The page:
Richard G. Turner, Jr. served as editor of Pacific Horticulture, the magazine for West Coast gardeners, from 1997 to 2012. Dick was the Ruth Bancroft Garden’s first Executive Director. He began gardening at age 5 at his family home in Detroit. After receiving degrees in architecture and landscape architecture from the University of Michigan more than thirty years ago, he escaped to California, so that he could garden year round. He has worked in the fields of garden design, education, pubic garden administration, and garden publishing. When he’s not at his desk, he prefers to be traveling to distant lands to enjoy gardens and see garden plants in the wild. His small (1/50th of an acre), chemical-free garden provides habitat for all forms of wildlife (some of them desirable), while serving as a test ground for low-maintenance plants suitable for San Francisco’s version of a mediterranean climate.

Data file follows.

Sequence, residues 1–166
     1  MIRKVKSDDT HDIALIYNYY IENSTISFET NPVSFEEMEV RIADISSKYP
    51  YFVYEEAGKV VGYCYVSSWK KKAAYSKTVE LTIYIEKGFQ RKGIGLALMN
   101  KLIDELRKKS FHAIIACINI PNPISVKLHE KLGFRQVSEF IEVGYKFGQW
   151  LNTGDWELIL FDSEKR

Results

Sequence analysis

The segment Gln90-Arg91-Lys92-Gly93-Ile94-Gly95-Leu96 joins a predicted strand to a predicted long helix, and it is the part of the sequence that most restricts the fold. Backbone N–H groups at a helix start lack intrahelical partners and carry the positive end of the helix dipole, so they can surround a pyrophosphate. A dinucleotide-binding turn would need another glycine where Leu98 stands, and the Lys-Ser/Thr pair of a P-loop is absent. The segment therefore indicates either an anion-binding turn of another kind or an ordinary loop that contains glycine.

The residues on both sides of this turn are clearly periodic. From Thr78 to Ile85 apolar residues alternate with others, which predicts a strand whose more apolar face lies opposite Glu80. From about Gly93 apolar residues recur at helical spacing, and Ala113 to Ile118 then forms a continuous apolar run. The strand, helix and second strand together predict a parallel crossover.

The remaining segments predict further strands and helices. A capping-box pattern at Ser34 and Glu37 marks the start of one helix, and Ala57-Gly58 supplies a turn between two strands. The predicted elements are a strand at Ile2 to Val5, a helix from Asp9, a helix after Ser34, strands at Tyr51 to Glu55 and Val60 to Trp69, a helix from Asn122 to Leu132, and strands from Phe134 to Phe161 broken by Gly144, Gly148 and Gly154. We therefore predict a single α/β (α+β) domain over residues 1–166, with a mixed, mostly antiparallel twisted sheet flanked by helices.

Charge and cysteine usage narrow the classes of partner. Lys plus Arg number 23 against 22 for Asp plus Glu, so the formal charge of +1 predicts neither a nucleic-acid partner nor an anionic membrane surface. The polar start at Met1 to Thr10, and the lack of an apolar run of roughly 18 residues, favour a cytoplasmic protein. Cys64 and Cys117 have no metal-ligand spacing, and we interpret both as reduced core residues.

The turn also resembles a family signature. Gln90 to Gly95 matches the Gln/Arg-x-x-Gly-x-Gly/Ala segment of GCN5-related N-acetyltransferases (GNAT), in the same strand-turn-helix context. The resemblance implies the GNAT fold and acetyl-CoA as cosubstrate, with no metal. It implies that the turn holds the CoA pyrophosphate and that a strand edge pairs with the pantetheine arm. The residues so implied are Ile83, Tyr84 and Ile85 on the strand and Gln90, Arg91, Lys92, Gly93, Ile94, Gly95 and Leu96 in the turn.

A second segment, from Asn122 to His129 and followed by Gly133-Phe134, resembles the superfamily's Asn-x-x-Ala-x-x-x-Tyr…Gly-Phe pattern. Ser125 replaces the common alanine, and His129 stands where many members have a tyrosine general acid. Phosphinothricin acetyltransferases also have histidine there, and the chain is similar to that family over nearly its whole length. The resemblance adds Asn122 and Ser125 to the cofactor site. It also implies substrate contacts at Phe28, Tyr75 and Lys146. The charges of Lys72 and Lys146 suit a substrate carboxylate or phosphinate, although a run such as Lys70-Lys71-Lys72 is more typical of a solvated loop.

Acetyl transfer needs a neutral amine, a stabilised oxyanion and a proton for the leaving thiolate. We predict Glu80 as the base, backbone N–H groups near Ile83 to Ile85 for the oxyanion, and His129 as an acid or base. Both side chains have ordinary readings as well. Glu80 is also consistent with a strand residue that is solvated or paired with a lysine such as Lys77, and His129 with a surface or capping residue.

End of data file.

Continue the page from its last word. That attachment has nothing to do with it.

RECOMMENDED PLACES TO VISIT ON YOUR OWN:
While in the East Bay area, our Pleasanton base offers the opportunity to explore surrounding points of interest, such as the charming downtown Pleasanton, a thriving commercial district of shops and restaurants, which includes Meadowlark Dairy, where you can try the ice cream in this early-twentieth-century dairy building. The Livermore Valley Wine region, with more than 40 wineries, offers delicious wines to taste. Nearby, the old town of Niles offers antiques stores and the Niles Essanay Silent Film Museum, a testament to the silent films shot in in nearby hills and canyons in the early 20th Century.The California Nursery Company Historical Park and the Vallejo Adobe house share a property in Fremont and are worth a visit.

 

READING:
Philip Holmes, Jill M. Singleton. Niles, Fremont. Arcadia Publishing, 2004.

Henry Luna. Niles Canyon Railroads. Arcadia Publishing, 2006.

 

Questions? Contact conference@cglhs.org

Photo: Left: Shinn Orchard Right: Meyers Sycamore Photos: S. Raube